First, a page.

Rosario’s Return to Relevance in 2020
Image courtesy of © David Berding-USA TODAY SportsIf you’ve followed me on Twitter for any length of time, you’ll note that I’ve had a rollercoaster of emotions in regard to the Twins left fielder. He was someone I found myself incredibly high on as a prospect, eagerly anticipating his call up. As a big leaguer he’s been deeply rooted in surface statistics, rarely contributing in more than an individual manner. As we venture into his age-28 season, a merging of all aspects would be more than a great development.
Recently Tom Froemming did an amazing job diving into the injury issues that plagued Eddie last season. While it was reported that Rosario dealt with an ankle issue, the magnitude was probably never truly understood. Rocco Baldelli told Twins Daily’s Seth Stohs, “that was a fairly significant injury that he was playing with last year. I can't say that at any point during the regular season last year that he was 100 percent running around out there.” With that in mind, it stands to reason a rebound solely due to health would be in store.
What’s more for Rosario is that there’s been a steady decline across the board for the past three seasons. After posting an .836 OPS in 2017 he dropped to .803 in 2018 and .800 last season. He’s remained the same free-swinging player he always has been, making a bit more contact, but generating a career worst 46% chase rate. Those, at least to a certain extent, are isolated issues from injury.
So why should we believe he turns things around? Well, again, it starts with health. If Rosario is back to 100%, he’s working with a more athletic profile. In 2015 he posted a 28.5 ft/sec sprint speed. That season he ripped off 15 triples and a career best 9 DRS. He was down at least a 0.5 ft/sec to a full 1.0 ft/sec in recent seasons.
Pressing in the outfield may also have translated to the plate. After debuting with strikeout rates up near 25%, he’s dropped that all the way to a career best 14.6% in 2019. That falls in line with his whiff rates as well, but that’s where the good news ends. Rosario’s chase rate spiking, alongside a career high contact rate last season, is indicative of a Willians Astudillo-esque approach. The K/BB inputs aren’t as exaggerated, but the reality is he’s executing on poor pitches too often.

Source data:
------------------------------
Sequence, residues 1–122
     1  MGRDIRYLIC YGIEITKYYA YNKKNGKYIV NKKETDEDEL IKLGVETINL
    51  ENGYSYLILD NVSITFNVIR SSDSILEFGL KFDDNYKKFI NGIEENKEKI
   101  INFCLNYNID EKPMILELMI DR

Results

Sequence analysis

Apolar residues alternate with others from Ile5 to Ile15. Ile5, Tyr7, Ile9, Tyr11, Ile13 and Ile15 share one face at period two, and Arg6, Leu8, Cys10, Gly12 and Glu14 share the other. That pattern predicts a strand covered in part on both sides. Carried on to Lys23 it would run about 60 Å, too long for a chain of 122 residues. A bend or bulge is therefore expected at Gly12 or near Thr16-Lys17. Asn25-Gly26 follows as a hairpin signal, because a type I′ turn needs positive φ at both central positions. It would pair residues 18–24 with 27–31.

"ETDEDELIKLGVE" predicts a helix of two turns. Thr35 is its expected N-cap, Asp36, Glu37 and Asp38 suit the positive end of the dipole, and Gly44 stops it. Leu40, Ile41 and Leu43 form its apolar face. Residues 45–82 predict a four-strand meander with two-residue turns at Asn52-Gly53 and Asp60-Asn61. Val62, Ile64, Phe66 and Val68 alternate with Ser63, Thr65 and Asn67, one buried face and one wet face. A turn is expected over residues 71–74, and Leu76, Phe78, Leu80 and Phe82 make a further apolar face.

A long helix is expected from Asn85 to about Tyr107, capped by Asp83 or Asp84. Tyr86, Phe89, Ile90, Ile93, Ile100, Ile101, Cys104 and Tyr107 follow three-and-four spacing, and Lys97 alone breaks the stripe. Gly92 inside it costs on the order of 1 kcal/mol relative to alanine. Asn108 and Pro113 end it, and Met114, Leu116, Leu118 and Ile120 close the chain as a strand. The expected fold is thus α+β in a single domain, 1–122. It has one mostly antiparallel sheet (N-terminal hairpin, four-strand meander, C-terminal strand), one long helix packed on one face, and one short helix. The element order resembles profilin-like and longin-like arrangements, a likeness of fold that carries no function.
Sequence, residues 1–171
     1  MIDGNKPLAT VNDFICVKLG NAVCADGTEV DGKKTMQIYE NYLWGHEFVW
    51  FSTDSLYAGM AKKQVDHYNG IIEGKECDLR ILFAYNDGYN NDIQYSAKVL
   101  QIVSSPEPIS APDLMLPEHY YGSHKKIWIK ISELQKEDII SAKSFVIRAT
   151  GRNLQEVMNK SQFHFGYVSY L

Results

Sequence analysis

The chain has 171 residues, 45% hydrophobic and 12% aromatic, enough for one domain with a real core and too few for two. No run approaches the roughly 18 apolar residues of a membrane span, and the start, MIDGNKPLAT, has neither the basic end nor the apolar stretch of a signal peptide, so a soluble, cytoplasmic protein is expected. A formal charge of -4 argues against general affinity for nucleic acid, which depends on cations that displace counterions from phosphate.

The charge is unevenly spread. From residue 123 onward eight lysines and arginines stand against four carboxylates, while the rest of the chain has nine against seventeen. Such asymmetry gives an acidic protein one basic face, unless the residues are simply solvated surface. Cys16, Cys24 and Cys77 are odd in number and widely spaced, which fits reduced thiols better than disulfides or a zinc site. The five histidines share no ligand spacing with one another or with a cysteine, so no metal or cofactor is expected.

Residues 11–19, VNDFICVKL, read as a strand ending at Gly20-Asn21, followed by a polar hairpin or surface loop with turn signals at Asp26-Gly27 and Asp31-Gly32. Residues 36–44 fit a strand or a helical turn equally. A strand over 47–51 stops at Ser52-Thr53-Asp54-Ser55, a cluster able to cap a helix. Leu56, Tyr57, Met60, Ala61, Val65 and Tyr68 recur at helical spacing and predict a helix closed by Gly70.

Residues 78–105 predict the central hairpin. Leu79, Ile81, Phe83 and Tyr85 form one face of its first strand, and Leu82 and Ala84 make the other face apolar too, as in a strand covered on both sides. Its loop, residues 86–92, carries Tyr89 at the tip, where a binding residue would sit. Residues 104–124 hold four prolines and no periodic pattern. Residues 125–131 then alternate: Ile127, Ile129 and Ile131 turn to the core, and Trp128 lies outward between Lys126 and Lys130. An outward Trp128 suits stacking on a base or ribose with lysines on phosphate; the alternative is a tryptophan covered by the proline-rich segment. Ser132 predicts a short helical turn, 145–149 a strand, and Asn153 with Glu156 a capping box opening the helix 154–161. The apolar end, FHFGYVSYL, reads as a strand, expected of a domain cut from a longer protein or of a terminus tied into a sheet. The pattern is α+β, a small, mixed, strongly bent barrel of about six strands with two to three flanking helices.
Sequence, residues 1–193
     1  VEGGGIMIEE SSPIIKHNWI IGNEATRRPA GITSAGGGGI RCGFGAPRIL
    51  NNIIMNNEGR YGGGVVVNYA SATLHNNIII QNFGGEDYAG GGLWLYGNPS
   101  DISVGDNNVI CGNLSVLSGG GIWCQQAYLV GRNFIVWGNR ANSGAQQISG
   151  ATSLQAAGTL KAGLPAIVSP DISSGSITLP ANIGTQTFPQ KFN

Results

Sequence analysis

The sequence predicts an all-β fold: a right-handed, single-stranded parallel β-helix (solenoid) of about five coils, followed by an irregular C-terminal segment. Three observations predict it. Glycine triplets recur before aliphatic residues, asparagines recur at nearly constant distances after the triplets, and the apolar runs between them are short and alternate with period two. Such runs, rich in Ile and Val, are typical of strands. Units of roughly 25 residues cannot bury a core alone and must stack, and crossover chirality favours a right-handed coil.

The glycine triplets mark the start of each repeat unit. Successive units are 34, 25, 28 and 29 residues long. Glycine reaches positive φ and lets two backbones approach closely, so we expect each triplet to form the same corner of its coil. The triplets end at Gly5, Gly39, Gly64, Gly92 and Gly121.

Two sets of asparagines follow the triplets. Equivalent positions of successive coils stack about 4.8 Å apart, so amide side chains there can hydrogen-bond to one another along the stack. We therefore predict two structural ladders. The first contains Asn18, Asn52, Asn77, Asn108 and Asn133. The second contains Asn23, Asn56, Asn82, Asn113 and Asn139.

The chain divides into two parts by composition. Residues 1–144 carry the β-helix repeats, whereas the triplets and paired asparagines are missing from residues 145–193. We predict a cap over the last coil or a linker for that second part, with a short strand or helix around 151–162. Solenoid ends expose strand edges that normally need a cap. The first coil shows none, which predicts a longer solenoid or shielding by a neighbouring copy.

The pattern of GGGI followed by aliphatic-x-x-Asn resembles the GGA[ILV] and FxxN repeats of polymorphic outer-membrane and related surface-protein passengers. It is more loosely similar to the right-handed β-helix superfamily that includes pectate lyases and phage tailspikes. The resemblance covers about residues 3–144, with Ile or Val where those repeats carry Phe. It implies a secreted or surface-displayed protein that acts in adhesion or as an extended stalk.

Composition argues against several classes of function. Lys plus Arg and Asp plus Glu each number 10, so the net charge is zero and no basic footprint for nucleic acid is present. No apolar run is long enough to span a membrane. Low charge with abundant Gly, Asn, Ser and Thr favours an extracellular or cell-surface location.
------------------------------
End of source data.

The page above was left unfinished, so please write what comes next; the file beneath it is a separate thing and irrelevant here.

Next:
Should a return to 2017 plate discipline take place (and that’s a big ask in dropping chase rate 10%), Eddie’s batted ball profile is as good as it’s ever been. He posted a career best 39% hard hit rate last year, yanked the ball nearly 50% of the time, and was in the air 42.2% of the time. As a lefty he’ll need loft to clear the Target Field wall in right, but 328 down the line is the quickest way to exit the stadium. There’s work to be done here for sure, but a guy entering his prime should not be in over his head when it comes to execution.
Projection systems are on board with a slight rebound as well. ZiPS has Rosario at 1.9 fWAR in 2020, while Steamer sees him at 2.2 fWAR. Neither of the OPS marks represent career highs, but the further he can clear the .800 bar the better. Assuming injury was a key part of the defensive setbacks, a return to positive DRS marks makes sense. He consistantly contributes with his arm in terms of assists, but too often Rosario was looking to make a spectacular play with the throw in response to a miscue with the route or glove.
At the end of the day it’s hard to scoff at a guy who put up 32 dingers and 109 RBI in one of baseball’s best lineups. He did it while batting cleanup though and left so much more on the table in all facets of the game. Rather than being enamored by somewhat hollow surface numbers, hoping Rosario’s clean bill of health takes him to the next level in a less pressure-filled role this season could be a get Minnesota didn’t know they’d be getting.
It’s a pretty big swing year for Eddie, and the guy who once had me in awe as a prospect could again produce at a level that makes him more than just a fan favorite in Twins Territory.
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